You: Sure! I’m [NAME] and I live at [ADDRESS].
Staffer: Great, the staffer who handles foreign affairs isn’t at her desk right now. Can I take down your comment?
You: Of course! I want to thank the Senator for his leadership in pushing for an independent commission to investigate the Russian hacking of the 2016 election. This is a critical issue that gets at the very fabric of our democracy. Russia has been propping up far-right, hateful, nationalist movements and I find it deeply troubling that some of our government’s leadership, including the president-elect and his team, are downplaying this issue. I know the Senator plans to introduce legislation regarding this commission, and I’m wondering what he plans to do to make sure the process of forming the commission moves forward.
Staffer: Got it. I will pass on your comment.
You: Thank you for passing it along. When can I expect to hear back from the staffer on this matter? [If you feel you have an opening, try to pin the staffer down on something more specific than “later.” And make sure you leave contact information, either an email address or phone number.]

Rep. Sarbanes’ office – 202.225.4016
Staffer: Representative Sarbane’s office, how can I help you?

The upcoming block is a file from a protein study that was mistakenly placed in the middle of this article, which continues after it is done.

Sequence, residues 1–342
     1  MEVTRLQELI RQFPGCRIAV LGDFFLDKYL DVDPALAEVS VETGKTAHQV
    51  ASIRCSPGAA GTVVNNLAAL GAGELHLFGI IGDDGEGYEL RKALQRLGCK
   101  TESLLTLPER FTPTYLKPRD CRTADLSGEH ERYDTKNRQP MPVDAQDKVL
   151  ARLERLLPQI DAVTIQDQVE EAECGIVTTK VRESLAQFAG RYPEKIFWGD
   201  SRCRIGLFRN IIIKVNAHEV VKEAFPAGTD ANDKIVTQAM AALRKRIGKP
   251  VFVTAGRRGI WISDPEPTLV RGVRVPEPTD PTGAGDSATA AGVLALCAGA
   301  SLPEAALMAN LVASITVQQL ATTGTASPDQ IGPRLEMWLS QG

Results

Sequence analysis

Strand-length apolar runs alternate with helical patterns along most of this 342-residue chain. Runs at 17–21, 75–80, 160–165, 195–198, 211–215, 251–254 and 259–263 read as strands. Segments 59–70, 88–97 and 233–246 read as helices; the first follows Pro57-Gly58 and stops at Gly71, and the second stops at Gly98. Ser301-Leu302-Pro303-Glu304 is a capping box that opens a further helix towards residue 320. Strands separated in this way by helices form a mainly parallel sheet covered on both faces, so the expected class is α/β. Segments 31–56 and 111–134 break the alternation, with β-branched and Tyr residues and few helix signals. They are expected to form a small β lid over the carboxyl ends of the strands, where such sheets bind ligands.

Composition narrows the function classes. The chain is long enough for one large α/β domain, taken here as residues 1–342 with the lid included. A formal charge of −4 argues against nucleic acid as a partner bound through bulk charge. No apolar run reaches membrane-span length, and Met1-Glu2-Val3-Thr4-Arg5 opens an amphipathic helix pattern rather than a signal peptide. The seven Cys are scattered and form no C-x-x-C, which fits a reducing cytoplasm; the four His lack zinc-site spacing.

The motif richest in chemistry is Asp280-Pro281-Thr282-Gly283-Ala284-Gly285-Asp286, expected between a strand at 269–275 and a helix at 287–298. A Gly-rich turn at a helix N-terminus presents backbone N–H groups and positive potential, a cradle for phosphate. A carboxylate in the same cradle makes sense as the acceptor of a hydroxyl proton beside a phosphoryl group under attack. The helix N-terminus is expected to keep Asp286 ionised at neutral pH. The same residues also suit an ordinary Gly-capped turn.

You: Hi! I’m a constituent of the Congressman’s and part of Indivisible Montgomery. Can I please speak with the staffer who handles foreign affairs issues?
Staffer: I’m happy to take down any comments you may have. Can I ask for your name and address?
You: Sure! I’m [NAME] and I live at [ADDRESS].
Staffer: Great, the staffer who handles foreign affairs isn’t at her desk right now. Can I take down your comment?
You: Of course! I want to thank the Congressman for his statement on Russian hacking in the 2016 election. This is a critical issue that gets at the very fabric of our democracy. Russia has been propping up far-right, hateful, nationalist movements and I find it deeply troubling that some of our government’s leadership, including the president-elect and his team, are downplaying this issue. I’d like to know what the Congressman plans to do to press this issue in the new Congress?
Staffer: Got it. I will pass on your comment.
You: Thank you for passing it along. When can I expect to hear back from the staffer on this matter? [If you feel you have an opening, try to pin the staffer down on something more specific than “later.” And make sure you leave contact information, either an email address or phone number.]

Senator Van Hollen’s office – 202.224.4654
Representative Delaney’s office – 202.225.2721
Representative Raskin’s office – 202.225.5341